As clean up from Hurricane Sandy continues across the East Coast, we hope that you and your families, as well as your businesses and employees remained safe. We thought that one small way in which we could make your life a little easier is to answer some questions that you may have about your obligations as an employer during the disruption that the hurricane causes. If you have any additional questions, please contact us using the information provided below.
Unless your agreements or policies provide otherwise, you are generally not required to pay non-exempt employees when they are not working. Therefore, if your business is closed and your employees do not report to work, you are not obligated to pay nonexempt employees. However, make sure that these employees are not checking work e-mails, communicating with supervisors about work-related issues or otherwise working from home, because non-exempt employees are entitled to receive pay for these activities even if they do not physically report to work.
Note that some states require an employer to pay employees for reporting to work, even if the business closes and the employer sends them home. For example, a New Jersey employer must pay employees who report to work at least one hour of pay. A New York employer must pay employees who report to work at least four hours of pay (or the number of hours in the scheduled shift if it is less than four hours).
With regard to exempt employees, they are generally entitled to receive their full salaries, even if the business is closed – at least if the shutdown lasts for less than a week. If a business is closed for an entire week and an exempt employee performs absolutely no work during that time, the employer is generally not required to pay the employee for the week.
When a business is temporarily closed, the employer can require exempt employees to use accrued vacation time for the time off, but this requirement should be set forth clearly in the Employee Handbook and any employment contracts. Moreover, the employer should understand that this requirement may create morale problems among affected employees.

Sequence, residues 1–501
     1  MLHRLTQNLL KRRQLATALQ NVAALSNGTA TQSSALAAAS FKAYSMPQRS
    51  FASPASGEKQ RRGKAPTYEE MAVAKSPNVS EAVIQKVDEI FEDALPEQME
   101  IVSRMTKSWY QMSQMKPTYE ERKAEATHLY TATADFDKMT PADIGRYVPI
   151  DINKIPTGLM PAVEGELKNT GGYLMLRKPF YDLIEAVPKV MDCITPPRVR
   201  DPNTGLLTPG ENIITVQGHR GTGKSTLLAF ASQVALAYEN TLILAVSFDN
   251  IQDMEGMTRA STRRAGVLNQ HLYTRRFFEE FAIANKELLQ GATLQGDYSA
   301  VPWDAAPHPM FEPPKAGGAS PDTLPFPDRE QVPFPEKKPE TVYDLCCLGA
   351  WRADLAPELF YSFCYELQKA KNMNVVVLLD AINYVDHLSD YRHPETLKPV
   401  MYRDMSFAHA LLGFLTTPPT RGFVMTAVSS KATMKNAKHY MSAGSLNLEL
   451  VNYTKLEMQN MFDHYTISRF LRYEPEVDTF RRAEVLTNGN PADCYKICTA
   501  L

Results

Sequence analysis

New York and New Jersey have both declared a “state of emergency,” but neither declaration prohibits private employers from requiring employees to report to work. Employers should exercise caution, however, because requiring employee attendance may create liability to employees or third parties if accidents occur as employees try to make their way to work under tough conditions. Also, while public transportation remains largely suspended and other means of commuting are treacherous, working from home for a day or two may constitute a reasonable accommodation for a disabled employee. Employers should bear in mind, of course, that family leave laws may apply to employees who are injured or whose immediate family members are injured during extreme weather or natural disasters.
After the hurricane passes, employees whose homes remain without power, who are repairing damage to their property or whose children’s schools remain closed may seek additional time off from work. While an employer that can afford to do so may allow additional flexibility to these employees in order to give them peace of mind and boost their loyalty and morale, the state of emergency does not impose any additional obligation on employers with respect to these requests and they may be handled pursuant to the employer’s contracts and policies.
In addition to the above general points, employers should also be aware of state laws that affect certain employees and certain industries. For instance, in New York and New Jersey, the prohibition against mandatory overtime for health care personnel includes an exception for a declared state of emergency. New Jersey also provides protections for employees who miss work because of their responsibilities as volunteer first responders.
Extreme weather and natural disasters that disrupt business create big headaches for employers and employees. We recommend clear and consistent communication with your employees to avoid confusion about your expectations. Also, maintaining sound employment policies and consulting with counsel when issues arise is critical for avoiding additional headaches resulting from ensuing workplace legal liability.